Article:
Where are you currently and where are you headed? Don’t panic if your association is not “Fully Funded” (or in some states “100% funded”). The probability at any point in time of being exactly Fully Funded is very, very low. Arguments can be made that full funding exceeds HOA reserve fund requirements. Arguments are also often made (usually by the uninformed) that anything less than full funding is “underfunding”. The real issue is a combination of where are you, and where are you going. More importantly, why are you going there? (A wise man once said “If you don’t know where you are going, any road will get you there.”) On the other hand, how will you know if you have arrived? That is exactly what the Boards should be considering when they review their reserve funding plan. That is the missing step we are talking about. So, to understand that you need to understand three other basic concepts – Full Funding, Baseline Funding, and Threshold Funding.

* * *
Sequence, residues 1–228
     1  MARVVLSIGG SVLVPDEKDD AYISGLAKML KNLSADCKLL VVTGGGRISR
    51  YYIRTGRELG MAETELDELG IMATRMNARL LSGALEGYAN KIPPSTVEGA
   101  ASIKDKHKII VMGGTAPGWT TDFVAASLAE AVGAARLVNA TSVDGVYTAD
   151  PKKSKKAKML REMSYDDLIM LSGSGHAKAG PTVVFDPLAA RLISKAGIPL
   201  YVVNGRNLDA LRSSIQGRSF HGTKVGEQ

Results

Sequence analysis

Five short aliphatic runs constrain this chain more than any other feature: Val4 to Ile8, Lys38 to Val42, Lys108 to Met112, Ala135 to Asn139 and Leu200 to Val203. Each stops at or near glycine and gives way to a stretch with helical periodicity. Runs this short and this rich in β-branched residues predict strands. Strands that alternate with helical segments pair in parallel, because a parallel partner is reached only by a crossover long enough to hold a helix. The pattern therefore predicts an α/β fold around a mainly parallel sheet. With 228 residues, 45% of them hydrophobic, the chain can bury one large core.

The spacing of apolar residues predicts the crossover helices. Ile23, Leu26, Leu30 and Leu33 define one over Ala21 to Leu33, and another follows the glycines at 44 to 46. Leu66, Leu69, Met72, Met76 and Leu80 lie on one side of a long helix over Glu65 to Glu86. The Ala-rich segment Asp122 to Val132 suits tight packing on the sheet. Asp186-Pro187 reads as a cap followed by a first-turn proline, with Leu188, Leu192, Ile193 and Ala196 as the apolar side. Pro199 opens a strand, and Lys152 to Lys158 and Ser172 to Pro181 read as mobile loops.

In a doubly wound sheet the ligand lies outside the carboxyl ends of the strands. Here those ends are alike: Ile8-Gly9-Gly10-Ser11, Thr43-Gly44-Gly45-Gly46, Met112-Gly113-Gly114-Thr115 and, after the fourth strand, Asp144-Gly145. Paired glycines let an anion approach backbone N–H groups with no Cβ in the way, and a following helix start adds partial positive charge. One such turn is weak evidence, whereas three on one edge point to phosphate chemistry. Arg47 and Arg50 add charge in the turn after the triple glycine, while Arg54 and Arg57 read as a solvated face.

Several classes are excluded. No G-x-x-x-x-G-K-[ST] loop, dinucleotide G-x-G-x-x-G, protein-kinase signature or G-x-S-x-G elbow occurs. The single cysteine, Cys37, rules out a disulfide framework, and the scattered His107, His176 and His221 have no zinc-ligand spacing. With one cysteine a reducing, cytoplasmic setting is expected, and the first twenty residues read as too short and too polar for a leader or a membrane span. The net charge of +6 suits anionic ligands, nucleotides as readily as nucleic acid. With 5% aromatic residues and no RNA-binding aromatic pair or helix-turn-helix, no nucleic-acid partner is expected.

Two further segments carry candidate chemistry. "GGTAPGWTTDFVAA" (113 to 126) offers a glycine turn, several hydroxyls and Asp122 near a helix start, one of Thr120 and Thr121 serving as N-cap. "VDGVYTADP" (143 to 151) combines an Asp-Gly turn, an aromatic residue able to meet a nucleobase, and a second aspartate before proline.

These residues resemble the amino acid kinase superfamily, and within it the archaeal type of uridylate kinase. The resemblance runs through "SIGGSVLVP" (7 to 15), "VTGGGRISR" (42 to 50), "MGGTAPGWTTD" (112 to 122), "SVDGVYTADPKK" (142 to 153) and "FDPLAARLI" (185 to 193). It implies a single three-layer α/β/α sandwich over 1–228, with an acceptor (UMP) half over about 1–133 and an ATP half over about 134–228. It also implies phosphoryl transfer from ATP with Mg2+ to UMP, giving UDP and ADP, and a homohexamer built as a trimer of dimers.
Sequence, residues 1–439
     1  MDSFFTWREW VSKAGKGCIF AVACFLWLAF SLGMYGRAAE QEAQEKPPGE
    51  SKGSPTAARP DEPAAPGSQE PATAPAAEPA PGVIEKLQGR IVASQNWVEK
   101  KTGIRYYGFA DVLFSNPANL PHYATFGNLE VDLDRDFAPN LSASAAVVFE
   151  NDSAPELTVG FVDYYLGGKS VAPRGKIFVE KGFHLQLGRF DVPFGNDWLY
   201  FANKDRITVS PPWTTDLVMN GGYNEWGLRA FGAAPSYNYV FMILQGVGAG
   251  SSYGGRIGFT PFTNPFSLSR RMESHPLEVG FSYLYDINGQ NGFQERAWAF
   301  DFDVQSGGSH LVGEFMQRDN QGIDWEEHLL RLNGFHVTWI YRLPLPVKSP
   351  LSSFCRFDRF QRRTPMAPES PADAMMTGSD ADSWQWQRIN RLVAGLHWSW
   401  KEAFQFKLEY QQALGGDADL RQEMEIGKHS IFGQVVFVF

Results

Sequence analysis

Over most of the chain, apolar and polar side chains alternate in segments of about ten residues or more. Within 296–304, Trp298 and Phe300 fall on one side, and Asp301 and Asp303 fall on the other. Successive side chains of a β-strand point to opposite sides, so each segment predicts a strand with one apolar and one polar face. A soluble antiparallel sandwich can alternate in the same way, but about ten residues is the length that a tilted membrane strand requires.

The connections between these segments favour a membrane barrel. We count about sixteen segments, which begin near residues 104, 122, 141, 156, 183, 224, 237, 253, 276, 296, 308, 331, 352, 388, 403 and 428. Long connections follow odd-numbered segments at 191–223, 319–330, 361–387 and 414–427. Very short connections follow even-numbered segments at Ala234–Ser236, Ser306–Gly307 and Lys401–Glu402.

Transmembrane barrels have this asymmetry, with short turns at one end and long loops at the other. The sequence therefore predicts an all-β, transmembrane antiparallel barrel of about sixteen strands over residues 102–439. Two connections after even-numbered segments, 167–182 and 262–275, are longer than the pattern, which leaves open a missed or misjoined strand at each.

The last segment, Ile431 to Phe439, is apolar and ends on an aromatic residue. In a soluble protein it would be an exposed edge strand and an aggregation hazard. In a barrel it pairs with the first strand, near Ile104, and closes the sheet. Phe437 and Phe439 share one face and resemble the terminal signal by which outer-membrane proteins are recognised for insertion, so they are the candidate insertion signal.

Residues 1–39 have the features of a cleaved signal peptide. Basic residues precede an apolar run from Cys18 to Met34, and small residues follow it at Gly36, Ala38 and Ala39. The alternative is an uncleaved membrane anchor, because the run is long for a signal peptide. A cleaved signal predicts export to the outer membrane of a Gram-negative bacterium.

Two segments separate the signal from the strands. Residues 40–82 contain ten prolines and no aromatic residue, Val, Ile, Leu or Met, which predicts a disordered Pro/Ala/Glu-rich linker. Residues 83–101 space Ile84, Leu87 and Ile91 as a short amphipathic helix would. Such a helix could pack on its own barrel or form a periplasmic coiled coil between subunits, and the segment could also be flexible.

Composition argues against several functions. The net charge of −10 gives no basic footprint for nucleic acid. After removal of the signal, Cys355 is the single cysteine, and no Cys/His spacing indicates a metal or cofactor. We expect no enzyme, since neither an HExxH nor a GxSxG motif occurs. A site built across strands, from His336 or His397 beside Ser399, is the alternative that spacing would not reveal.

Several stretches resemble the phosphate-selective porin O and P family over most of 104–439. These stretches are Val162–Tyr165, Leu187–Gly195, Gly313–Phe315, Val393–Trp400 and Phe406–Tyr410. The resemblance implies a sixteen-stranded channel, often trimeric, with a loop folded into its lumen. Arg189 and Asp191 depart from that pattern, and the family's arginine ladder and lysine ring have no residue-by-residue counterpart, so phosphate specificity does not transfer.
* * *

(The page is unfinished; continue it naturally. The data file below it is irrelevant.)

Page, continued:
A Fully Funded Funding Plan does not mean you are at the Fully Funded Balance (FFB). It means you have a plan to get your HOA reserve fund requirements from where they are to the FFB line at some point in the future. Below is one example: